'A step beyond': Australian suburb singled out over 'unprecedented' weather

·News Reporter
·3-min read

A suburb in Sydney’s west has been singled out in a global climate report flagging 2020 as one of the hottest years on record.

Penrith reached a sweltering 48.9 degrees Celsius on January 4 – the hottest temperature recorded in Australia this year, according to the Bureau of Meteorology (BoM).

It was on the back of Australia recording its hottest year to date in 2019 and amid a summer of horrific bushfires.

The suburb’s blistering heat, which includes most recently a 38.5 degree day on December 1, hasn’t gone unnoticed by the World Meteorological Organisation (WMO) which cited the suburb as proof “Australia broke heat records” in 2020.

The WMO, a specialised agency of the United Nations, says the 48.9 degrees in Penrith on January 4 was the highest observed temperature on record in an Australian metropolitan area.

People seen on the sand during heatwave conditions at Bondi Beach in Sydney.
People enjoy Bondi Beach during hot weather last month. Source: AAP

Penrith ‘a step beyond’

The WMO’s provisional report on the State of the Global Climate in 2020 said climate change continued “its relentless march” this year with 2020 on track to be one of the three warmest years on record.

Dr Ailie Gallant, of Monash University’s Climate Change Communication Research Hub, told news.com.au the heat in January in Penrith coincided with severe bushfires in western parts of Sydney.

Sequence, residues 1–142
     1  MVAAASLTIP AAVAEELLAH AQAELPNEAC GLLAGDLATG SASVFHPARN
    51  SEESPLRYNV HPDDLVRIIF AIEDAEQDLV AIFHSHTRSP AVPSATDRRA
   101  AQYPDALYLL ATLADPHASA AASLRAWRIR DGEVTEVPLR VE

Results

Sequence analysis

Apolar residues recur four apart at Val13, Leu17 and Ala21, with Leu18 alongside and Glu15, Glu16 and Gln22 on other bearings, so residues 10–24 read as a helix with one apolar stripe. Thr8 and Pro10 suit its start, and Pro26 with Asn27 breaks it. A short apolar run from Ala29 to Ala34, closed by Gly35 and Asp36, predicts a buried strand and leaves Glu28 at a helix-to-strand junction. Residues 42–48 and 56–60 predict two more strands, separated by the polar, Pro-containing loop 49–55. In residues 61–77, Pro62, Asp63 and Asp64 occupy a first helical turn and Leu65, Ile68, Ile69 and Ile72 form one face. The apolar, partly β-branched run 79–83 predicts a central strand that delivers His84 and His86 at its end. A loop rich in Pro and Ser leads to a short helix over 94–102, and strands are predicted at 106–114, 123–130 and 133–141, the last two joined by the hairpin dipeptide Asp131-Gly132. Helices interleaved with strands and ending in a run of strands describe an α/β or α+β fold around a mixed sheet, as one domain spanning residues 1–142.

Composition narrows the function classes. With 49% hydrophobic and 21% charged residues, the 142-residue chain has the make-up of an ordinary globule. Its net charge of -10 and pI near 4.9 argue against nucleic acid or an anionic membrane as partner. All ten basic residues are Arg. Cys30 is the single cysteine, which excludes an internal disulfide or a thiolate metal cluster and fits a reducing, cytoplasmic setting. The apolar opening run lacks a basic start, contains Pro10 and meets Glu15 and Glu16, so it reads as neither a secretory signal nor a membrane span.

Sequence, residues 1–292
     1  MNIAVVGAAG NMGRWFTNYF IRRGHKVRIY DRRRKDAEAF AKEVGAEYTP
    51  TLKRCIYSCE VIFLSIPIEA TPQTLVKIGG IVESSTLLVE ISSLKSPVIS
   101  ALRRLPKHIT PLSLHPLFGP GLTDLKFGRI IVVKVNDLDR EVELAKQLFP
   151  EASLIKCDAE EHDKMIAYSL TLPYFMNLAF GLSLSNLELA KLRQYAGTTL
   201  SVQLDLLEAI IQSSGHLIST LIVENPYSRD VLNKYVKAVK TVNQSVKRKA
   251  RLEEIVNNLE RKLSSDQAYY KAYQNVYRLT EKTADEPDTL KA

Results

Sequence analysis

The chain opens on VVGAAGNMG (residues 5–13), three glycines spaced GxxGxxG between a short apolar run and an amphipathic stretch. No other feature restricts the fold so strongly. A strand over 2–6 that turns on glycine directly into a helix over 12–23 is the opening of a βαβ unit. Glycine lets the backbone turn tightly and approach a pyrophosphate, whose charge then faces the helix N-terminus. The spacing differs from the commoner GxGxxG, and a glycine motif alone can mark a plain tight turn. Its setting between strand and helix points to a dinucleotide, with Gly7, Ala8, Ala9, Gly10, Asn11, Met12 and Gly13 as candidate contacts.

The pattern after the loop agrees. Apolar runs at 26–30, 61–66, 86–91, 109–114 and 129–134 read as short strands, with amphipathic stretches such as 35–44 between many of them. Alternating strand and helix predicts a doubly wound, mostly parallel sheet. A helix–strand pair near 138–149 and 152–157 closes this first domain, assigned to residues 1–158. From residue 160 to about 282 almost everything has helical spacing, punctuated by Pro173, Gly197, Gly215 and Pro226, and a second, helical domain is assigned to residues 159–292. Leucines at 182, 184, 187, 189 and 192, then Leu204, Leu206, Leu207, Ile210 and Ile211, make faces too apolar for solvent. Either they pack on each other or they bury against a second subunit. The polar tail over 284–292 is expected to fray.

“It’s not unusual to get very hot in Penrith, but what we’re experiencing now is unprecedented,” she said.

“It’s a step beyond.”

People escape 40-degree heat at a popular swimming hole on the Nepean River at Penrith in Western Sydney.
People cool off in the Nepean River at Penrith. The suburb hit 48.9 degrees in January. Source: AAP

Temperatures rising

WMO Secretary-General Professor Petteri Taalas said average global temperature in 2020 was set to be about 1.2 above the pre-industrial (1850-1900) level.

“There is at least a one in five chance of it temporarily exceeding 1.5 by 2024,” Prof Taalas said.

November, in particular, was a hot month in Australia.

The moon sets behind the Sydney Tower.
The moon seen behind Sydney Tower on December 1 for the first day of summer. Source: Getty Images

The Climate Change Communication Research Hub at Monash University in Melbourne looked through the BoM’s climate data and determined 57 towns had their hottest November days on record.

Rainfall was also below average, according to BoM.

It has forecast Australia could yet receive its most rain in a decade in the upcoming months due to La Nina.

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